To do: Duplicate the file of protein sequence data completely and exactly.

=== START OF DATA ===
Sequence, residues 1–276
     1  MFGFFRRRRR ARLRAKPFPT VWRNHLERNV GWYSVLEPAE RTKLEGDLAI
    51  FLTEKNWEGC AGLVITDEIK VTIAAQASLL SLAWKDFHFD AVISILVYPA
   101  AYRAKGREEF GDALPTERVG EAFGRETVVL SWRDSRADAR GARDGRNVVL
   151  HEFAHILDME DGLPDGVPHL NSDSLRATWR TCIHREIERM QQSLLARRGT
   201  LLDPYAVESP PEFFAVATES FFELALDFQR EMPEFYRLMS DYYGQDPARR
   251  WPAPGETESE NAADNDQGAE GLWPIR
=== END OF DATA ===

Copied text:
Sequence, residues 1–276
     1  MFGFFRRRRR ARLRAKPFPT VWRNHLERNV GWYSVLEPAE RTKLEGDLAI
    51  FLTEKNWEGC AGLVITDEIK VTIAAQASLL SLAWKDFHFD AVISILVYPA
   101  AYRAKGREEF GDALPTERVG EAFGRETVVL SWRDSRADAR GARDGRNVVL
   151  HEFAHILDME DGLPDGVPHL NSDSLRATWR TCIHREIERM QQSLLARRGT
   201  LLDPYAVESP PEFFAVATES FFELALDFQR EMPEFYRLMS DYYGQDPARR
   251  WPAPGETESE NAADNDQGAE GLWPIR